Saturday, July 27, 2013

"I don't like your tone, young lady!"

I follow a lot of people on twitter--people I've found or been connected to through mutual friends or acquaintances--who know a whole lot more than I do about stuff I'm interested in. (If y'all are reading this, you know who you are.) As weird as it may seem, I'm learning immense amounts in 140-character chunks, about theology, gender, feminism, anti-racism, intersectionality...I may have a PhD in Theology and Science but what you really learn in doing a degree is just how much you still don't know. And so my twitterfeed is a constant stream of blessing and wisdom and angry hope.

More than once recently I've followed exchanges on the issue of "tone policing." I've had my own run-ins with this, of course, as has I bet pretty much anyone who's attempted to participate in a difficult conversation from anything other than a position of privilege relative to the topic.

Nowadays, however, this issue has more than simply personal resonance with me, as I am so keenly aware of the burden of appropriate "tone" in my representation of an organization that is so much more than simply me. If I miscalculate as JTB, well, I can take responsibility for that as myself. If I miscalculate in representing's different.

I've been blogging here at "rude truth" since 2005. And because this thing started--as I've said before--as an exercise in finding my "voice" the archive is in some ways a record of my experimentation in constructing it. And it's not always pretty. I am not a pretty girl.

I've done some cussing from time to time, is what I mean. The tone police can go wild on my archive.

While there's nothing I can do--or really want to do--to change any of that, it now feels like a potential liability for And so you'll notice that I've changed some things on the "about" page, to make it clear for everyone that in this space, as JTB, I represent only myself.

So this forms the context in which I've been following these recent conversations on tone and tone policing. I've been working on the fly, following my instincts, worrying about how to get it right, and these conversations have given me a way to analyze the issue more intentionally.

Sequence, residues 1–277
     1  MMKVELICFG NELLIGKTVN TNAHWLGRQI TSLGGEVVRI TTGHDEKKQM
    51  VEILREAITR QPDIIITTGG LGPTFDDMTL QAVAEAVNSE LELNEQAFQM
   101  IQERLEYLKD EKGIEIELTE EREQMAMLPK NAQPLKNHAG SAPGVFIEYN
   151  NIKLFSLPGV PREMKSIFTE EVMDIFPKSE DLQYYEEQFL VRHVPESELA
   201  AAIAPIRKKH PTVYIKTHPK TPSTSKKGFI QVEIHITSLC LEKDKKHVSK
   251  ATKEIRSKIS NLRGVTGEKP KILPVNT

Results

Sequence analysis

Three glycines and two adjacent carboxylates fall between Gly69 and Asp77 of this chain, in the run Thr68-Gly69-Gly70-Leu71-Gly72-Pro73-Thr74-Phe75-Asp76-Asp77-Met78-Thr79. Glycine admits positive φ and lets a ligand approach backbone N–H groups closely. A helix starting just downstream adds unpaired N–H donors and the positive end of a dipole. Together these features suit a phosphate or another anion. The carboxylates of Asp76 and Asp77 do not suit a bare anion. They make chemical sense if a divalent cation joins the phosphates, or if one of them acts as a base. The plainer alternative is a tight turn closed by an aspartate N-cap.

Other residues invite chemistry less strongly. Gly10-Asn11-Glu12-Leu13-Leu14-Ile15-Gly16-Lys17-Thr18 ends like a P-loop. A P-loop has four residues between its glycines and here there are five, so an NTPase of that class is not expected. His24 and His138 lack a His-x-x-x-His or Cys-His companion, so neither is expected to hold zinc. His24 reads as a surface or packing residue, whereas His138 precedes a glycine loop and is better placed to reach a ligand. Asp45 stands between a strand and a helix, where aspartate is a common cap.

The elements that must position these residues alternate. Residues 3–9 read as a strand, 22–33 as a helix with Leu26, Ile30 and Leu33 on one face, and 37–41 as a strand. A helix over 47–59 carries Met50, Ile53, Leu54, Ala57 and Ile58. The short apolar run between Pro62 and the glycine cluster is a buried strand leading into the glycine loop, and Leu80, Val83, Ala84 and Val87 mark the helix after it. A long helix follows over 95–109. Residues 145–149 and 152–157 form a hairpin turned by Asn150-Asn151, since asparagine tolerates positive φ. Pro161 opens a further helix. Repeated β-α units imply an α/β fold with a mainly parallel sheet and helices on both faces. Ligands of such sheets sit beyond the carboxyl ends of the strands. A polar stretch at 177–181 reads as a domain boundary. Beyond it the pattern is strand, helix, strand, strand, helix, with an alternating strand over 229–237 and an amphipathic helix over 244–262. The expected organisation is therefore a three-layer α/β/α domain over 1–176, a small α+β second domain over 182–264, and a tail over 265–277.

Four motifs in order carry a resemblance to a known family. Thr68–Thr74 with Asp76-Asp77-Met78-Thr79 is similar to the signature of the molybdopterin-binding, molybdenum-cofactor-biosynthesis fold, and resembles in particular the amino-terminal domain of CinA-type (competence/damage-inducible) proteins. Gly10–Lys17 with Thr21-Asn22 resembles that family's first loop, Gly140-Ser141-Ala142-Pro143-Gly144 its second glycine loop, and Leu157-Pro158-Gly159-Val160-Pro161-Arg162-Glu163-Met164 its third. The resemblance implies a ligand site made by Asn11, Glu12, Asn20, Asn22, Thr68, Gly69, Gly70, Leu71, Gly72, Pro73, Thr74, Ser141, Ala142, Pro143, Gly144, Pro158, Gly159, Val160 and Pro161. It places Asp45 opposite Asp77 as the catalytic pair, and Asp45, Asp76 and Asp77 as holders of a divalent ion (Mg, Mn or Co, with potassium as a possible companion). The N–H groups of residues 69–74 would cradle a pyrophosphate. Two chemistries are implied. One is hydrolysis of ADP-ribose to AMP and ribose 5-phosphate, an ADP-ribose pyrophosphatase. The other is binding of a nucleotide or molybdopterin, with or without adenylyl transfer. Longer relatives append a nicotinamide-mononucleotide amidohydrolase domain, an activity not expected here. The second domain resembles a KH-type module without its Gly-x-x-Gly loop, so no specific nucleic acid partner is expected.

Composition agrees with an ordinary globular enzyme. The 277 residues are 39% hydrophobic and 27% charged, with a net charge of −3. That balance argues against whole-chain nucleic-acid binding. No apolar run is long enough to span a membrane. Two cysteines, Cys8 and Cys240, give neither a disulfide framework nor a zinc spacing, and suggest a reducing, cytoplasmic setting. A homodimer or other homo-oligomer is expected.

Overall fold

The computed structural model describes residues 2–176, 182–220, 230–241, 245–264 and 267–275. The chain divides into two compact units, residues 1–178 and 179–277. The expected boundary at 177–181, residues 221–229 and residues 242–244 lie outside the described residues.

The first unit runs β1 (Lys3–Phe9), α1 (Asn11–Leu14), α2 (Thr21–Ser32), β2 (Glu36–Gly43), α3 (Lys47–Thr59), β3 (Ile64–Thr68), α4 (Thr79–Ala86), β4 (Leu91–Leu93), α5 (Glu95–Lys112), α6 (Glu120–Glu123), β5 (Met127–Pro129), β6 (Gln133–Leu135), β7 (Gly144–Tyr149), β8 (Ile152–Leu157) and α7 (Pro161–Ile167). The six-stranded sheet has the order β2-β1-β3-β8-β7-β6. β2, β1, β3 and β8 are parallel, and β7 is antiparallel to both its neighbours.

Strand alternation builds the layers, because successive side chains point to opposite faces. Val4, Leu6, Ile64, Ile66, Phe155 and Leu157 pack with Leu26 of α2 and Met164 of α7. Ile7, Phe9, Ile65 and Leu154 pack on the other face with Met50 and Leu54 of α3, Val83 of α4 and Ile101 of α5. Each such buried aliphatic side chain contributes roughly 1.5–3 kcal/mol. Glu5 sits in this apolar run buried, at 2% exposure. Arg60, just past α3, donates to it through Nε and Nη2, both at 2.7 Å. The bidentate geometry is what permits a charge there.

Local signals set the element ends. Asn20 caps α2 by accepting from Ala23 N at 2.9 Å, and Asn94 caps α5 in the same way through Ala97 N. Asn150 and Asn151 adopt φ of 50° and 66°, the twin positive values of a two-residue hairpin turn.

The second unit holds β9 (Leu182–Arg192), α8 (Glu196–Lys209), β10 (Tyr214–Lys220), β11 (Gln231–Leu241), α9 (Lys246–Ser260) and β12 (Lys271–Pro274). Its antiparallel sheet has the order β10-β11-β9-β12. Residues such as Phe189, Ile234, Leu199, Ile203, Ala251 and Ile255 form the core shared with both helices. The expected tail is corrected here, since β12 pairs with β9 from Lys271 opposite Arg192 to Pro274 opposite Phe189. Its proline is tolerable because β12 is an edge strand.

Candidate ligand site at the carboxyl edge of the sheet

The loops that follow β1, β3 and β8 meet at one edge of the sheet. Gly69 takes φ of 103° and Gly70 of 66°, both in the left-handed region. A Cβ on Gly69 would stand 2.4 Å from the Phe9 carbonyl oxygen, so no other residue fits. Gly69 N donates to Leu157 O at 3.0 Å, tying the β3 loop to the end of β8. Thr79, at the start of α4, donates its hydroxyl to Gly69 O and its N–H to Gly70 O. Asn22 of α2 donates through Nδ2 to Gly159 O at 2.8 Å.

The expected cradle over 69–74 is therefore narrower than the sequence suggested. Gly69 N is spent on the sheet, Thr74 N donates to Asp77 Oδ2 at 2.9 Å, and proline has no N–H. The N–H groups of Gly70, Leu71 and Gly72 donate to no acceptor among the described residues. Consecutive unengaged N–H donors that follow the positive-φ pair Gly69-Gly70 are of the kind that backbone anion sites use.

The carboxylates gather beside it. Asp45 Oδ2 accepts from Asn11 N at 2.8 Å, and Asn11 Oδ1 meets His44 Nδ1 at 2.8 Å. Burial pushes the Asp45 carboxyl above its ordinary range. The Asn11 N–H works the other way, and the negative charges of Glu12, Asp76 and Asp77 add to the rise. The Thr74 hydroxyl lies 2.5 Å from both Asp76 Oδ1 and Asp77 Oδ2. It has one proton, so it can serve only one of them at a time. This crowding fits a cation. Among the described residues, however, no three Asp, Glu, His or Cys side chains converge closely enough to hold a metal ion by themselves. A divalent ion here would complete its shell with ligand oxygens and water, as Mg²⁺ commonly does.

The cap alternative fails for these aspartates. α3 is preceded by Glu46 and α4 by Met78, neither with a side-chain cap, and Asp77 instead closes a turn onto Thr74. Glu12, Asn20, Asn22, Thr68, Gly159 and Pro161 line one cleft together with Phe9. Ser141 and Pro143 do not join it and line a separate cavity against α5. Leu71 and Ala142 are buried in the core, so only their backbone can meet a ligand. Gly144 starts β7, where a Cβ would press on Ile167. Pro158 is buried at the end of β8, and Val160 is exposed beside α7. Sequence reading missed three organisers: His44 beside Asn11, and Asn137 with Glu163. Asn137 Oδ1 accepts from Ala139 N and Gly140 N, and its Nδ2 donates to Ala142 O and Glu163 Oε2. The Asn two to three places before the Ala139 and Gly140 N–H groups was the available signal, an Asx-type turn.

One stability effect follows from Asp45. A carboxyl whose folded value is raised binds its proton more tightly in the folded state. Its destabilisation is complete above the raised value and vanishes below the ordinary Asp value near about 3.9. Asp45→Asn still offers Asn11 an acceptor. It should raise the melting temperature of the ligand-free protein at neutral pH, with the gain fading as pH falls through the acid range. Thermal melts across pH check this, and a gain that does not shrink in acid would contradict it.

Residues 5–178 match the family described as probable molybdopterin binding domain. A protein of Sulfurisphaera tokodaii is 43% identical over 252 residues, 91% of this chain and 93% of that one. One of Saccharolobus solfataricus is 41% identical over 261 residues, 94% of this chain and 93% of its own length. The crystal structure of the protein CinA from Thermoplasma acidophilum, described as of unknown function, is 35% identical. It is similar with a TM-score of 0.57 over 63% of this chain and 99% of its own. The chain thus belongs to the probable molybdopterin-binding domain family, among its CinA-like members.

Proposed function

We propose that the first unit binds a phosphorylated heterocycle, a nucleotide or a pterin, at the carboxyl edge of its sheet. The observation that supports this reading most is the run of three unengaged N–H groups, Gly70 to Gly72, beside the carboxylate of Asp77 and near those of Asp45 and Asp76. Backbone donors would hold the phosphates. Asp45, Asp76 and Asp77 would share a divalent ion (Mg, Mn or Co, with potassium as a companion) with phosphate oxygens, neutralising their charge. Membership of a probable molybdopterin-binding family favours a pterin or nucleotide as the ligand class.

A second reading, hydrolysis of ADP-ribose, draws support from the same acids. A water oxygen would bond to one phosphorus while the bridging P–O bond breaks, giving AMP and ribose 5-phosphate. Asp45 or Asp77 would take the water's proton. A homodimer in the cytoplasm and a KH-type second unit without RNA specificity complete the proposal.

In particular, the twitter exchange between Rachel Held Evans and others a couple days ago, following some tone policing in the commentary of the recent CT article on modesty, captures the issues involved and provides a real-time snapshot of a bunch of smart people processing these things together. It prompted me, once more and for at least the fourth time, to try to write this blog post. But before I could get this done in a satisfactory way, I needed a way to process the issue that drew on all the wisdom of my twitterfeed.

So I made my first story at "I don't like your tone, young lady!" And if you've made it this far in this post, good news: the real stuff is there. You need to go read it, because it's there that you'll find the links to the real wisdom on this. Be blessed.

1 comment:

SJ said...

I liked the contrasting voices and sources you used in writing this. I'm even more daunted by twitter than over lol. Tone is so weird in feminist discussions I haven't been able to find a groove. My gender neutral user only gets me so far until my opposition in any topic is instantly met with hostility. I really like that you drew on the different reasons and contexts for anger. I'd take it even further to say perhaps there's an acceptance of different tones for different reasons for conversing. I think you in contrast to Evans shows how the same media (twitter/blogging) is used differently and maybe this means a different tone is "more appropriate.”(I say this hesitantly, try to read a good intention into it) Looking at Evan's work it’s a lot more about bridging gaps, getting people to engage with feminism who would otherwise call it crazy. You (I'm newer to your writing) seem to focus on justice, on awareness and stuff that's just plain good to be mad about. In Evan's case anger just isn't a psychologically useful think to bring into a conversation. People tend to shutdown, clam up, and get defensive. I think in some other context anger is something useful. Getting Christians out of the PC bubble of peace, love and passivity for one.
My question is, don’t you think feminism itself creates a culture of policing? I’ve just been seeing more and more tone policing in feminist blogs than I’ve ever had before. I’m very sensitive to some of the abusive language thrown around on the internet, but more and more phrases like “you’re being triggering” are trump cards for “shut up I don’t want to hear about your anger.” Just my thought I’d love to hear yours. Thanks.